Laura C. Redden Searing - Deaf Journalist and Poet

Searing's Birth and Life:

Laura C. Redden Searing was born in 1839 and died in 1923. She graduated from the Missouri School for the Deaf. Throughout her life, she interacted with very important historical figures - Lincoln, Grant, and Bell among them.

Searing Loses Hearing:

Searing lost her hearing in middle childhood, losing it at age 11 from meningitis that was treated with an ototoxic drug (Quinine).

Although she tried to learn to read lips, she reportedly never became very skilled at it. However, she did strongly advocate the teaching of speech to deaf children.

Searing's Journalism Career:

Searing wrote for various papers using the pen name Howard Glyndon. She wrote for:

  • St. Louis Republican
  • NY Times
  • New York Sun
  • New York Evening Mail
  • Tribune

Searing also was published in well-known mags like Harper's, and wrote books such as "Notable Men in the House of Representatives."

Searing's Poetry Career:

Searing also was a poet. One of her poems, "Belle Missouri," was the war song for the Missouri unionists during the civil war. A collection of her apparently very effective war poems was published in the book "Lyrics of Battle." Another book collection was "Sounds from Secret Chambers." In addition, the book "Of El Dorado," collected her poems about California.

Historical Resources on Searing:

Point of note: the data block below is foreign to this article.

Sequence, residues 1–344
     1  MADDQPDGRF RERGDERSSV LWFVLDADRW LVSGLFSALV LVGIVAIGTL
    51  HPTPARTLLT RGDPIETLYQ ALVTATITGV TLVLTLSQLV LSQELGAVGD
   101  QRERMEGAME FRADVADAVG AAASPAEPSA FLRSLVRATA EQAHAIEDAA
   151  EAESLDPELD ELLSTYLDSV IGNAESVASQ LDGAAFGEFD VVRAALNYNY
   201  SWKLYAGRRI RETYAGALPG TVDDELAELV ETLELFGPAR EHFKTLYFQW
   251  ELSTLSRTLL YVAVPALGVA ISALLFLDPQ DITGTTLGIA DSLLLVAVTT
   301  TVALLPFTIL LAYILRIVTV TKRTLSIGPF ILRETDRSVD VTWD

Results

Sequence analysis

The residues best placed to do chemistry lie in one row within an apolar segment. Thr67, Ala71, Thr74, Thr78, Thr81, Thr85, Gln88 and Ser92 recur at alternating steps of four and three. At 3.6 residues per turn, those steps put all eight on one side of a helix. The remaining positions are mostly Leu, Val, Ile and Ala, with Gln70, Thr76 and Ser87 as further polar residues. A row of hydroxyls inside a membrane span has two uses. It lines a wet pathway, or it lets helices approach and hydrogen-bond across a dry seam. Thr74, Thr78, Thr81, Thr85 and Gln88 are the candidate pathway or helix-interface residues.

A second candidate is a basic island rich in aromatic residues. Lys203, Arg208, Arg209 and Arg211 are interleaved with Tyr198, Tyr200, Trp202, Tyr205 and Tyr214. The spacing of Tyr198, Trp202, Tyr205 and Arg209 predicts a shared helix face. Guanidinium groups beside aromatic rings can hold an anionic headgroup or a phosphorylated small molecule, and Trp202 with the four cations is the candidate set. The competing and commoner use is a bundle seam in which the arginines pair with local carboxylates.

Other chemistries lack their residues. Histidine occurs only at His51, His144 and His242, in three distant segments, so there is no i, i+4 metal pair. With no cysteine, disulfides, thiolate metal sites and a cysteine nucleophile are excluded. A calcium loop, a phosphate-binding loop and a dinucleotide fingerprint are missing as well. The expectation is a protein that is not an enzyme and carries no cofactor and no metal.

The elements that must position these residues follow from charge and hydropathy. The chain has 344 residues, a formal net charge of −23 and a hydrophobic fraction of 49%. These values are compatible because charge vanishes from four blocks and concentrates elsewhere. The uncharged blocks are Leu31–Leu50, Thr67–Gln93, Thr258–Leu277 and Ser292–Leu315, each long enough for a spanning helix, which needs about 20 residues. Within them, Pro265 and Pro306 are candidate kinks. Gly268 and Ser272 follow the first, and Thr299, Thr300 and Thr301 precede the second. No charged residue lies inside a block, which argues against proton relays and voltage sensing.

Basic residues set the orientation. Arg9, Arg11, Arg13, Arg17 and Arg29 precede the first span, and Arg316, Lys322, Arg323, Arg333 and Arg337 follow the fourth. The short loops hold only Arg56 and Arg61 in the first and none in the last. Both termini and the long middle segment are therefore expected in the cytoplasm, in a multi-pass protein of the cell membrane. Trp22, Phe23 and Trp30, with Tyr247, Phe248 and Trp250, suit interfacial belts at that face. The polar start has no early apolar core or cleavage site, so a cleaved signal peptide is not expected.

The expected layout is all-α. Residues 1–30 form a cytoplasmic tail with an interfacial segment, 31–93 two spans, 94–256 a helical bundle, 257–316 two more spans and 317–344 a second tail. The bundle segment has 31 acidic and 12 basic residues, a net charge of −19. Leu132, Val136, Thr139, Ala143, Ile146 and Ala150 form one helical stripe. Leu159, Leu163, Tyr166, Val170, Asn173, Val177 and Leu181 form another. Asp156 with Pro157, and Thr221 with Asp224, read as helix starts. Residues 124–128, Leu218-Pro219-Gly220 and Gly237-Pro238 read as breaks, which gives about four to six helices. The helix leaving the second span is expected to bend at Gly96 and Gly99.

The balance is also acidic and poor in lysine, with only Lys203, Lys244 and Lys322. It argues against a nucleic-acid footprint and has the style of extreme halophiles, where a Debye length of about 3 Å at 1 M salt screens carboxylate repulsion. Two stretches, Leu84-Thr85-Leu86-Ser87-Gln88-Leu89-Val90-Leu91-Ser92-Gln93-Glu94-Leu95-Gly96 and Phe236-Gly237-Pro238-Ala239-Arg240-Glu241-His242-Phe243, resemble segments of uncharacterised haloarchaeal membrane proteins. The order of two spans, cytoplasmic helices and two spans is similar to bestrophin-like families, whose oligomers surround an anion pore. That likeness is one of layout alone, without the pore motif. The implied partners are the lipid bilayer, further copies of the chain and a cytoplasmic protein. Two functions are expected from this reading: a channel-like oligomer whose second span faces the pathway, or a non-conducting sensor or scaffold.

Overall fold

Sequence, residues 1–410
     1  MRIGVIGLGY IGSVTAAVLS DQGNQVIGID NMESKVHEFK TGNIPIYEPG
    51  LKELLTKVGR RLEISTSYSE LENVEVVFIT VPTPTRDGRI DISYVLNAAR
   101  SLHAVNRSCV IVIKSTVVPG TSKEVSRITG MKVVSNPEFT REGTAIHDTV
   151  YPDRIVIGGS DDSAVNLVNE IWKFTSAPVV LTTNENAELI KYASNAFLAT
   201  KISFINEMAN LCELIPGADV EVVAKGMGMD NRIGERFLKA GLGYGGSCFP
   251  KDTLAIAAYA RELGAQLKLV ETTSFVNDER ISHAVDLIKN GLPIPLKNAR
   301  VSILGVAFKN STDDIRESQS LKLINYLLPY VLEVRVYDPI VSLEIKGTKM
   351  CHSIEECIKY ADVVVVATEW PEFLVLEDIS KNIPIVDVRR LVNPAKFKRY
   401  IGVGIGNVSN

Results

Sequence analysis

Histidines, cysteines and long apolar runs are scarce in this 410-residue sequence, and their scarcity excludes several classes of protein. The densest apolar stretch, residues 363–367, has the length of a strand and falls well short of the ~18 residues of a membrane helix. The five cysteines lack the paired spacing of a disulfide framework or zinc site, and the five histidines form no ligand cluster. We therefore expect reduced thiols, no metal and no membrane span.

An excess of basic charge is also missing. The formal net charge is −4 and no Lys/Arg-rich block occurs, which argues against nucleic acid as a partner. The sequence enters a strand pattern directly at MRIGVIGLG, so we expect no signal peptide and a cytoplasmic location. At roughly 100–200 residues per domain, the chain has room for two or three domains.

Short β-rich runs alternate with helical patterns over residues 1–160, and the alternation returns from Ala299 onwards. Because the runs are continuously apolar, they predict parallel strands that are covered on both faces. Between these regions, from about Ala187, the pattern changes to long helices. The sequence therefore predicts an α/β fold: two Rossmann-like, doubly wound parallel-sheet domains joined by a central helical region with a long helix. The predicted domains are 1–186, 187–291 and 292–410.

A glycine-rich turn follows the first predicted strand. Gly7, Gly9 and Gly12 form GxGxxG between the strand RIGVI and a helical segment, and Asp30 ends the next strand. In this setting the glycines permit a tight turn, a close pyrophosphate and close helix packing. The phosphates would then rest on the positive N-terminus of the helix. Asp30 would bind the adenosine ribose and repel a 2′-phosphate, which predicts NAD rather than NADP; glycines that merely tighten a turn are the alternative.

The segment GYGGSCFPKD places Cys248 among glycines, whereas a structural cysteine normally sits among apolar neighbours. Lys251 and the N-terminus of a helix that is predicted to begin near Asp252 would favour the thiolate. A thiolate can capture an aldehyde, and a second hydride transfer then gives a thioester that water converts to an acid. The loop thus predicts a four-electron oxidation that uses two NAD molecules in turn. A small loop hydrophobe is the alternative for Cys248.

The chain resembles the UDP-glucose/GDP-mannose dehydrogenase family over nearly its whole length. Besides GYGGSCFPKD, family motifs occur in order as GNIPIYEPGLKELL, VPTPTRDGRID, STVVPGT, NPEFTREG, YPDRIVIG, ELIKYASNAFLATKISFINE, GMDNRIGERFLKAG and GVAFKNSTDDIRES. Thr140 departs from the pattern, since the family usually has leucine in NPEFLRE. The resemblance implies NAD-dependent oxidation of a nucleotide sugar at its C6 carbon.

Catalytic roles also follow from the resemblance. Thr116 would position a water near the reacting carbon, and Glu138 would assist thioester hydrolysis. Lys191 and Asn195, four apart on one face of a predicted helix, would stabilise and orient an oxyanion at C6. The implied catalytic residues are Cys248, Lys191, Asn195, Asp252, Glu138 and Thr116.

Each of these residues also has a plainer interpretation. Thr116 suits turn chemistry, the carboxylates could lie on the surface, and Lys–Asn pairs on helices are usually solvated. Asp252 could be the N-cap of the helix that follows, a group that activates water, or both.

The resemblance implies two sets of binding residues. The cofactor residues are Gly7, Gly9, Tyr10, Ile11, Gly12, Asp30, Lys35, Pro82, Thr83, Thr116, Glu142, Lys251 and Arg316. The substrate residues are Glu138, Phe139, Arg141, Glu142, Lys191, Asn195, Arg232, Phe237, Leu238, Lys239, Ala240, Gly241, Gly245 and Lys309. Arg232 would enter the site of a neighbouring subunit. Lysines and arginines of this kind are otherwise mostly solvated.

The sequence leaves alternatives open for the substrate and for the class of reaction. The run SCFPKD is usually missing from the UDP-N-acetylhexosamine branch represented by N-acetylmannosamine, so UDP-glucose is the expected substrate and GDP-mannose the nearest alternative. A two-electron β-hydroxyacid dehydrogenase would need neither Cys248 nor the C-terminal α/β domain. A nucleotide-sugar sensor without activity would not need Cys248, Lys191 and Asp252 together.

The Western Historical Manuscript Collection-Columbia's National Women and Media Collection at the University of Missouri has letters, articles, poems, and photographs documenting Searing's personal life and her career.

Based on the description of the collection, it sounds like this collection may hold some unpublished poems by Searing.

Books About Searing:

Books have been published about Searing. One book is the Gallaudet University Press book "Sweet Bells Jangled: Laura Redden Searing: A Deaf Poet Restored." According to one review of the book, Glyndon, Minnesota was named for her pen name.

This book consists of two essays, and reprints 70 of her poems including "My Story," about her experience becoming deaf.

Searing's Articles and Poems Online:

Some of Searing's work was published in a deaf paper, The Silent Worker under her pen name. A search of The Silent Worker archives online turned up these articles and poems:

  • Howard Glyndon - This long article, rich with details, profiles Searing and even has an engraved image of her. It is must reading for anyone seriously researching her life.
  • Christmas Eve - Chant of the Boston Peasants - a reprinted poem from Putnam's Magazine 1869
  • Thomas Hopkins Gallaudet - Her poem written to commemorate the dedication of the Gallaudet statue in 1889. (It was published twice in The Silent Worker).
  • Fair and Fifteen - poem reprinted from Atlantic Monthly.

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